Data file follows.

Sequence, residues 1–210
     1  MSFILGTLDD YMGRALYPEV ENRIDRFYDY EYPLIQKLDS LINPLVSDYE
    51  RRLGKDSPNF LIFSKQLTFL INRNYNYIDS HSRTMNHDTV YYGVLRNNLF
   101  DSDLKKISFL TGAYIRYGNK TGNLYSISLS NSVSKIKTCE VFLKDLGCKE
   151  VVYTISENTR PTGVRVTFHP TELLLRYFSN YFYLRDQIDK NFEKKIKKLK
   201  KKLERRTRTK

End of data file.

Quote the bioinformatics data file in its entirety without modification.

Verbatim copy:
Sequence, residues 1–210
     1  MSFILGTLDD YMGRALYPEV ENRIDRFYDY EYPLIQKLDS LINPLVSDYE
    51  RRLGKDSPNF LIFSKQLTFL INRNYNYIDS HSRTMNHDTV YYGVLRNNLF
   101  DSDLKKISFL TGAYIRYGNK TGNLYSISLS NSVSKIKTCE VFLKDLGCKE
   151  VVYTISENTR PTGVRVTFHP TELLLRYFSN YFYLRDQIDK NFEKKIKKLK
   201  KKLERRTRTK